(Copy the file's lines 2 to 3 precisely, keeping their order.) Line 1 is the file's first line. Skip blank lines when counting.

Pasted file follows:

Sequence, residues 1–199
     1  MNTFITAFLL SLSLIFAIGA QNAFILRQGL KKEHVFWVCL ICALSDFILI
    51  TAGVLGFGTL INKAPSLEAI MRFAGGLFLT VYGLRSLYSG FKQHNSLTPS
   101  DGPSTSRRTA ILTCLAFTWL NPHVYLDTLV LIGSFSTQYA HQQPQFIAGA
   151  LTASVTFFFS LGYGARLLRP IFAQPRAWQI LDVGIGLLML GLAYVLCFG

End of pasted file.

     1  MNTFITAFLL SLSLIFAIGA QNAFILRQGL KKEHVFWVCL ICALSDFILI
    51  TAGVLGFGTL INKAPSLEAI MRFAGGLFLT VYGLRSLYSG FKQHNSLTPS